UN in Brooklyn could clog streets

The Brooklyn Paper
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Even with hundreds of new parking spaces included in the Downtown Brooklyn Plan redevelopment project, the arrival of some 3,000 United Nations employees would drown the area’s already packed streets with wall-to-wall congestion, not to mention deplete an already bleak parking situation, a traffic expert and an elected official warned this week.

State Sen. Marty Golden, of Bay Ridge, who blocked a vote in Albany over whether to allow the issuance of $600 million in bonds to fund construction of a 35-story skyscraper next to the United Nations’ current headquarters, said that a move to Brooklyn would almost certainly usher in traffic and parking woes.

“They don’t respect the traffic laws of the city of New York, so I expect them to be parked all over the place,” said Golden. “So in Downtown Brooklyn, which is already congested, it will just continue to go on. They’ll need more meter maids, which will cost taxpayers more money.”

The failure of U.N. officials and foreign diplomats to repay parking violations, he said, is one reason he blocked the bid for new digs in Manhattan.

Secretary-General Kofi Annan said in a report issued last week that the United Nations may have found commercial space in Downtown Brooklyn that could serve its Secretariat and General Assembly needs while its iconic glass-and-steel headquarters on the East River is being renovated.

Besides its staff of 3,000, the U.N.’s General Assembly meetings require a conference hall big enough to seat 1,800 — which a development proposed on the southern corner of Willoughby and Flatbush avenues might be able to provide.

Designed as a major push to retain back-office space in New York City and keep corporations from fleeing to New Jersey, the Downtown Brooklyn Plan, passed by the City Council in August, is expected to encourage more than 6 million square feet of office development in addition to 1 million square feet of retail space and residential development — in part by allowing buildings to rise up to 400 feet.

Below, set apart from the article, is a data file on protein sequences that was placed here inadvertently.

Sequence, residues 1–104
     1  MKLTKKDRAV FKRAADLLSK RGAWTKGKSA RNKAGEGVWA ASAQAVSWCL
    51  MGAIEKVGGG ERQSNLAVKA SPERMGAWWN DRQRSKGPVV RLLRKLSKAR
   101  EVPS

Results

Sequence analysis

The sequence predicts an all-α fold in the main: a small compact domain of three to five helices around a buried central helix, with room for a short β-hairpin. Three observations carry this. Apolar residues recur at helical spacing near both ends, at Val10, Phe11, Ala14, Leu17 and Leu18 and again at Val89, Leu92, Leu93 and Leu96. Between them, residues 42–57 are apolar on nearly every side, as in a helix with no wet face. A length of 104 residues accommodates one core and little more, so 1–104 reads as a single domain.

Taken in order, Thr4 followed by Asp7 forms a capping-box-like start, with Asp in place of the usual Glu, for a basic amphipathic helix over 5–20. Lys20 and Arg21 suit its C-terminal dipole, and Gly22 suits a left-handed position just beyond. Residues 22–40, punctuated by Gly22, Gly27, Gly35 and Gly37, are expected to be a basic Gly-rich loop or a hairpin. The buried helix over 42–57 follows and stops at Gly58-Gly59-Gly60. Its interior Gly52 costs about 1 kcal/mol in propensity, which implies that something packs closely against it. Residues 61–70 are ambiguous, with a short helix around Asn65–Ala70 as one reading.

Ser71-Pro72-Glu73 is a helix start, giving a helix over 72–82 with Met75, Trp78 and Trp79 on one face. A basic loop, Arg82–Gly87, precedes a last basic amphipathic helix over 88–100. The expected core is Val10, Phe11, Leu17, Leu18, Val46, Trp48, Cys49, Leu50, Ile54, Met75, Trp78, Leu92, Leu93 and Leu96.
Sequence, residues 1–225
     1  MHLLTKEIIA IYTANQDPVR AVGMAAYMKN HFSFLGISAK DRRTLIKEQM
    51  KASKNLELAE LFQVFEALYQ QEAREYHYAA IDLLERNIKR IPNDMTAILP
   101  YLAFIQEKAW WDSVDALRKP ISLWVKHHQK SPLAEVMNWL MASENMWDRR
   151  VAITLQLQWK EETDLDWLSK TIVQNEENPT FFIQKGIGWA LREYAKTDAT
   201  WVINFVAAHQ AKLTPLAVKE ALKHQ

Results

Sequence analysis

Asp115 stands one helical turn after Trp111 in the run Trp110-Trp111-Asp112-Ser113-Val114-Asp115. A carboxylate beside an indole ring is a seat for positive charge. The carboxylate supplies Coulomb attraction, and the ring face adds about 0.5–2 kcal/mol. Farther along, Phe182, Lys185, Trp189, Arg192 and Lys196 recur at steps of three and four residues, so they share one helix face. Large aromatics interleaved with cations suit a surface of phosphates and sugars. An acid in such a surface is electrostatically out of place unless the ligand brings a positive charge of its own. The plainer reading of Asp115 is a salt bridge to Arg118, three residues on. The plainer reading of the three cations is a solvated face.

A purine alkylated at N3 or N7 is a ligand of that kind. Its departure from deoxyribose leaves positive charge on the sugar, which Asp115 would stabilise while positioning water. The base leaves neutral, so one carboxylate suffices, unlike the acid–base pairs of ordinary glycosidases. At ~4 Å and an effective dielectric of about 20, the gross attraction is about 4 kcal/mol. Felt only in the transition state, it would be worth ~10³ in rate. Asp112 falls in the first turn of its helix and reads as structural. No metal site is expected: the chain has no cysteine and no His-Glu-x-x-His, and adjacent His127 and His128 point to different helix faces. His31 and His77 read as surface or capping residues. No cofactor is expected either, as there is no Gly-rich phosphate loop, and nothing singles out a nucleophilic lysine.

But according to a draft environmental impact statement for the Downtown Brooklyn Plan released in November 2003, whose authors could not have foreseen the added impact of the United Nations and its slew of diplomatic license plates, intersections all along Flatbush Avenue are predicted to see added traffic. It cited Willoughby Street in particular, of which developer Joseph Sitt has said U.N. officials inquired.

“Willoughby Street would function as the primary access corridor for much of the commercial development that would occur with the proposed actions,” it states, before adding: “The east-bound left-turn movement from Willoughby Street onto Flatbush Avenue Extension experiences congestion in all peak periods.”

Brian Ketcham, a traffic consultant who owns Community Consulting Services, said that the development of 60 blocks in Downtown Brooklyn would add more than 3,700 new off-street parking spaces. But with that, he said, much more traffic could be expected.
Ongoing development in and around Downtown Brooklyn, said Ketcham, threatens to generate nearly 22 million vehicle trips annually while increasing travel in Brooklyn by more than 2 percent.

“Each weekday this new development will generate 59,000 new car and truck trips, another 189,000 subway trips and 47,000 bus trips,” said Ketcham in a study released last month on the impact the Downtown Plan — as well as plans for an Ikea and Fairway supermarket in Red Hook, Lowe’s in Gowanus and Bruce Ratner’s plan for an arena and 17 high-rises at Atlantic and Flatbush avenues — would have on Brooklyn. “This should be of grave concern to everyone in and around Downtown Brooklyn as we watch the MTA cut, not increase, services. The results will be significantly increased crowding for all transportation facilities.”

As for the addition of the United Nations, which he did not count in his study, Ketcham was somewhat dismissive as he explained his belief that the move was a long shot.

“The U.N. has got huge security issues,” he said. “Basically, wherever it’s located it’s going to bring problems within a mile. But frankly, I’m not going to think about it. It’s pretty remote.”

Joseph Sitt, a developer whose Thor Equities company owns both an above-ground parking-lot along Flatbush Avenue Extension and Willoughby Street and the adjoining Gallery at Fulton Mall indoor shopping mall, told reporters that he had been contacted by U.N. officials about the 1.2 million-square-foot office project he has in mind for that area. It would include a 700-space parking garage.

Lee Silberstein, a spokesman for Thor Equities, said this week: “We would be very interested in working with the city and others in bring the U.N. to Brooklyn.”

Updated 4:00 pm, November 10, 2010
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